1. What, according to Lau, is the most fundamental message of Confucius? What Confucius taught that set him apart from teachings of the past and even of the future, was that living a life with moral conviction was to be done for the sake of the morals themselves. This is to say that rewards for ones morality in the afterlife was, according to Confucius, not to be sought after. He said that the, “burden is heavy and the road is long.” The good you do in this life is meant for this life only and is crucial to demonstrate.
2. What is the difference between the chun tzu and the hsiao jen? The literal translation seems to mean: chun tzu is a ruling figure while hsiao jen is one who is ruled. Of course, these two labels represent much more than social division. Lau says that they are moral terms with chun tzu being one with strong morals and hsiao jen meaning the opposite. Confucius uses these terms sometimes ambiguously as well, a possible nod to the complexity of human morals.
3. Can anyone become a chun tzu? Although it is not spelled out for us in the reading, I believe that the answer is yes. But that does not mean that every man is. Hardly. It is said that to become a chun tzu, it takes a lifetime of hard work and cultivation. Essentially, a chun tzu must spend his or her entire life working towards being a benevolent being. This is nothing that is reserved for Gods or prophets. It can be Attained by man, but only after a great deal of effort, practice, and conviction.
4. What is jen and how is it related to chung and shu? Jen is the love of fellow man. Lau is up front about how few times it shows up and its’ exact use, but seems quite sure that it is love for fellow man. So when the three are separated out, jen, chung, and shu, we see a relatively clear difference:
– Jen = Love for fellow man – Chung = Effort in benevolence, to do ones best – Shu = Benevolence itself, do unto others…
When all are formed together, they make up the key ingredients of being a gentlemen or chun tzu. Their relationship would suggest a process in one living a good life. Using chung and realizing jen, one is able to achieve shu. In this way they are all very much connected, if not slightly different. We in the west seem to have a need to bunch things up, but I admire the careful study of each step.
5. Why are the obligations we owe others proportionate to the closeness of our relationship to them? For Confucius, the amount of jen is relevant to the significance of that person in your life. Starting with the family, one’s neighbors, one’s village, one’s social class, all the way down to people on the street. Jen exists on all levels but is proportionate to the importance in your life, the time invested. Jen decreases as it is made available to a wider net of recipients, which seems oddly appropriate and sad to me.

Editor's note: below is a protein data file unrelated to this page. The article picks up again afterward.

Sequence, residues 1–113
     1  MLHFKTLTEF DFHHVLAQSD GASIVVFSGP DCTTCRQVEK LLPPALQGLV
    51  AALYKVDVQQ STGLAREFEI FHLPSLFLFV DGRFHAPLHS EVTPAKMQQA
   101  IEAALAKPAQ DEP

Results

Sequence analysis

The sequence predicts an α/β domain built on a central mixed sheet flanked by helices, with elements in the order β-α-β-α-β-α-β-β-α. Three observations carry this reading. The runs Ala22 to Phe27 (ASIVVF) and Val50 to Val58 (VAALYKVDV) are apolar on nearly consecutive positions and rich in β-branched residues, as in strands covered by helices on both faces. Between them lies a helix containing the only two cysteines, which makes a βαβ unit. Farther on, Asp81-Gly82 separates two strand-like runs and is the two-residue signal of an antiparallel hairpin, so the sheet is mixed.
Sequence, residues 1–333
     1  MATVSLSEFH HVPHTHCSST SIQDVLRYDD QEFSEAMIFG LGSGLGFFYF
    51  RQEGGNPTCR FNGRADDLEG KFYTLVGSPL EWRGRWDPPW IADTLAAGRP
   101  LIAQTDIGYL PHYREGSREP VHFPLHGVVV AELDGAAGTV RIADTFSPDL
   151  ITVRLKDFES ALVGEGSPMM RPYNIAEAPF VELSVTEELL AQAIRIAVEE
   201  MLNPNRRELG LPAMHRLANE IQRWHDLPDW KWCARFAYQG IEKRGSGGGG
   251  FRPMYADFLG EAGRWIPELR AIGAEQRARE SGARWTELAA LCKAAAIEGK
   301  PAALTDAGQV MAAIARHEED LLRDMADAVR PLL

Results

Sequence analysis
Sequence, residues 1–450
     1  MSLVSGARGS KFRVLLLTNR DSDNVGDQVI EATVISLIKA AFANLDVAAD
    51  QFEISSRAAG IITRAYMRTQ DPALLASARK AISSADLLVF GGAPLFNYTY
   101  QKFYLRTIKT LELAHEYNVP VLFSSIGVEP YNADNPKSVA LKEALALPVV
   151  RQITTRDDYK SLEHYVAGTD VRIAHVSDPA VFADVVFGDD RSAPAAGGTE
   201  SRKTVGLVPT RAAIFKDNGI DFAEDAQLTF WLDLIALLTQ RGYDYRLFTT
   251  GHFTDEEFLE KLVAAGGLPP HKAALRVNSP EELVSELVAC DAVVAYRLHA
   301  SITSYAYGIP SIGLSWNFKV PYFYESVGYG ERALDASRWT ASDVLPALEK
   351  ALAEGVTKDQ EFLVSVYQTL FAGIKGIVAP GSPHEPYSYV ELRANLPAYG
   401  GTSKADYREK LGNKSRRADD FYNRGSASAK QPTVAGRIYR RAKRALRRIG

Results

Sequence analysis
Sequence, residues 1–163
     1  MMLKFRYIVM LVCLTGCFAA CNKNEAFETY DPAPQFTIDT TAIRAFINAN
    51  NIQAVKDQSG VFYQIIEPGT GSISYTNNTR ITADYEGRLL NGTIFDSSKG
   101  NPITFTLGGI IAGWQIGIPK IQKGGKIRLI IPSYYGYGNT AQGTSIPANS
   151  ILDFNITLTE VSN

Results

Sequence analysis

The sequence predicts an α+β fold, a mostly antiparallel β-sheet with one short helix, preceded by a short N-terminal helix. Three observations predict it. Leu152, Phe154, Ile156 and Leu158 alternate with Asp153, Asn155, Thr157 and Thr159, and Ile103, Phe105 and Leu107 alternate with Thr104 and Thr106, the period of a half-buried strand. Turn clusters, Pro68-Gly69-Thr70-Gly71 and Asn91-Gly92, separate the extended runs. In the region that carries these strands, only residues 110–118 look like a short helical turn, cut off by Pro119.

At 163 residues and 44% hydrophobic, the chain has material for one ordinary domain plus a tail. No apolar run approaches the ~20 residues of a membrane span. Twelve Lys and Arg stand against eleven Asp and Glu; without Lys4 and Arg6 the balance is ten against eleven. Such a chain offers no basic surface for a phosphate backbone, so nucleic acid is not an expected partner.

6. What is the relationship between jen and li? Jen is the love of all man while li is a set of rules, or rites. Practicing li seems crucial to the successful integration into society in ancient China but without jen, is one only getting half the benefit? This reminds me of saying you love Jesus but not following the ten commandments or vice versa.
1. If benevolence requires the overcoming of self-interest, then why should our obligations to others be proportionate to the benefits we receive from others? This is a good question. My best guess is that the benevolence would supersede the proportionate nature of social class. Considering that jen lessens by the degrees of separation, the opportunity to be benevolent with a person that you have little to no contact with is also lessened. Maybe it doesn’t show that you care less for them but your opportunity to relate your benevolence to them decreases. All the while, regardless of who it is, you are striving to overcome self-interest.
2. Do you agree with the Confucius vision of the good life? Why, or why not? I don’t know if I agree with any one idea of what living a good life is, but I could also say that I believe in all of them. There are hints towards living a completely fulfilling life in all schools of thought. That would be the case for me in the teachings of Confucius. Do I believe in striving for benevolence? Yes. Do I believe in the act of loving ones fellow man? Of course. Do I subscribe to the idea that what is done on this current life is all that matters and that shedding self-interest is incredibly important? Absolutely.
Conversely, do I see some holes in the idea that the way we love is a proportionate measure? I do. I believe in a sort of blind love. I have had friends in the past who have said that they, ‘start people out with an F and let them work their way up.’ I start people out with an A and then I work every day to help them keep that stellar grade. For me, living a good life is a composite of many different views and I learn as much from Confucius as I do from folks living on the street in Seattle. Wisdom is everywhere and I don’t plan on not seeking it out until I am dead. After that, who knows?